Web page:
Merdeka! – Game Background for 1 Jan 2017
This is some background on Merdeka! by Jaap Boender which will be run at the CLWG session on 1 January 2017.
Merdeka – Game Background
Merdeka is set in November 17, 1945. The place, Indonesia (depending on whom one asks, also known as the Dutch East Indies).
The Second World War has just ended, but that does not mean the status quo has been restored. In the outlying parts of the country (Sumatra, Celebes, the Indonesian part of Borneo, the Moluccas and the western part of New Guinea) all has remained relatively quiet, but not so in Java.
Two days after the Japanese surrender, on August 17, a small group of Indonesian notables, led by Sukarno, Hatta and Sjahrir, proclaimed the Republic of Indonesia. This Republic claimed the entire territory of the Dutch East Indies, but in practice it only occupies the island of Java. Since about half the population of the country lives in Java, this is a serious situation.
The situation in Java is extremely murky. Officially, the area comes under Lord Mountbatten’s South East Asia Command, who are supposed to take over from the Japanese pending a return of the Dutch administration. To this end, a small force of British and British Indian troops have landed, but they only occupy a few key areas (the capital, Batavia, as well as the cities of Semarang, Buitenzorg and Surabaya). Even in these areas, their hold is very tenuous.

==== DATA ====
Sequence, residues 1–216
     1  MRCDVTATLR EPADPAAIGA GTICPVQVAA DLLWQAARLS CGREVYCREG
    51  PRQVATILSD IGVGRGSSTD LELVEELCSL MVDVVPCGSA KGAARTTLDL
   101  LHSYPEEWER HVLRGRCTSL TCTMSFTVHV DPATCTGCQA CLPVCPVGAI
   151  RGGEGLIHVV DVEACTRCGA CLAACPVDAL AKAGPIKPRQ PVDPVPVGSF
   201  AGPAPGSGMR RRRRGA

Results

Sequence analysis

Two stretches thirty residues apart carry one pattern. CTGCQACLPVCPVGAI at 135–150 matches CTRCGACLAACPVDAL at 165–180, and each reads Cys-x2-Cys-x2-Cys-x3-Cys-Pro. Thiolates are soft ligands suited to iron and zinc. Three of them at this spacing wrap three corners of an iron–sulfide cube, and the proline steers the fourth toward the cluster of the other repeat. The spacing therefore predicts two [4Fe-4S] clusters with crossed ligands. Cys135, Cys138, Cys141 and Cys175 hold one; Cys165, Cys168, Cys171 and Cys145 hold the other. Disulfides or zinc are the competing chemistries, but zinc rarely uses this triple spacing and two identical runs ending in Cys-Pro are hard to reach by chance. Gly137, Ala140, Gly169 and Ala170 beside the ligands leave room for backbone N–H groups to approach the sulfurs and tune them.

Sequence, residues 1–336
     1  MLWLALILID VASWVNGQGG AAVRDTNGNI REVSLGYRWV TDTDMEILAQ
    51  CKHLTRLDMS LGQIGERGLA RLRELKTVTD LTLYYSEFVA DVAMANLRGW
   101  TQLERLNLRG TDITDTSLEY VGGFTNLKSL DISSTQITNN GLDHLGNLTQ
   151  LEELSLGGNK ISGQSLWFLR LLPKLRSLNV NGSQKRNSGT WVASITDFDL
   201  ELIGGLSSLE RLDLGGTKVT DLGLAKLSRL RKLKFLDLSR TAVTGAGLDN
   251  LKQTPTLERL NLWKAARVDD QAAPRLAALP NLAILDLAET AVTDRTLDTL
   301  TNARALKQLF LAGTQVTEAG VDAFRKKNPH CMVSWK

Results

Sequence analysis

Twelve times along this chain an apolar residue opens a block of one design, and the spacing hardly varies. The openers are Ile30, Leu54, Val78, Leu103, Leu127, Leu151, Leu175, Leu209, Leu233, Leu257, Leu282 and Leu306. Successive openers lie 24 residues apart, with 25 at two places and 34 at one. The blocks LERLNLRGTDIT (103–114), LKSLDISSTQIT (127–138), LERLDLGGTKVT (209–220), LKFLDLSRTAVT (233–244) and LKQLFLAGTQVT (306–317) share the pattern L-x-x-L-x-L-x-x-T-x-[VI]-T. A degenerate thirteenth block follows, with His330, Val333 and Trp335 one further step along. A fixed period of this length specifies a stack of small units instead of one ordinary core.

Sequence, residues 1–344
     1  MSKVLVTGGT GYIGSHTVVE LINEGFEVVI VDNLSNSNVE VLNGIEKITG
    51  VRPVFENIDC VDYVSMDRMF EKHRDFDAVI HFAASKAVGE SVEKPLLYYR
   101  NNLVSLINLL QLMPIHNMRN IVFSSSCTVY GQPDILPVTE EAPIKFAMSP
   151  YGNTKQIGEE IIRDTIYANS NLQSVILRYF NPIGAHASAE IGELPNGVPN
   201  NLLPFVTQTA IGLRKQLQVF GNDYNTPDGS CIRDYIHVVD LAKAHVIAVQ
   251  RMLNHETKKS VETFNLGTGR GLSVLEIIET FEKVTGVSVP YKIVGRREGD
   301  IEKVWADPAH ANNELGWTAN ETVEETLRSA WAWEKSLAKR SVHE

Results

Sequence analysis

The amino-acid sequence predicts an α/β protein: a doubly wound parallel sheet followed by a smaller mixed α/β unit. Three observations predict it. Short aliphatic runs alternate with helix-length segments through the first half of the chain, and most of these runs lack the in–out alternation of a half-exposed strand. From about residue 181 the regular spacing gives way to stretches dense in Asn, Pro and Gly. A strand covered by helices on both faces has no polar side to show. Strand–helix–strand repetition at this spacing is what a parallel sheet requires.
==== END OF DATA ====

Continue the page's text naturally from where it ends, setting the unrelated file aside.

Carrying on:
The Dutch are in no position to take over: they only have a small group of administrative and military personnel in place, led by the Deputy Governor-General, H.J. van Mook.
Finally, also present in Java is a large amount of Japanese troops. In the absence of an Allied military presence, keeping order has been their responsibility, even after the Japanese surrender.
In early October, the situation in Java has taken a turn for the worse. After it became clear that neither the British nor the Dutch would be occupying Java in force anytime soon, violence broke out all over the island. The main victims of this violence were Europeans, but also Indonesians who had supported the Dutch and the Japanese. It is estimated that there are several thousands of victims to deplore.
In reaction, the Dutch and British strategy has two main points. The Dutch administration has declared its willingness to negotiate with the Indonesian Republic, and the British have stepped up military action.
This military action has not been an unqualified success: heavy fighting has broken out in the city of Surabaya after the commander of the British brigade sent in to secure the city was killed. The British have also run into trouble trying to evacuate Dutch civilians from Central Java.
It is in these circumstances that Dutch and Indonesian representatives meet to negotiate to try and stop the violence.
The Indonesians are aiming for independence, but this is obviously not on the Dutch agenda.
Can anything be done to find a solution?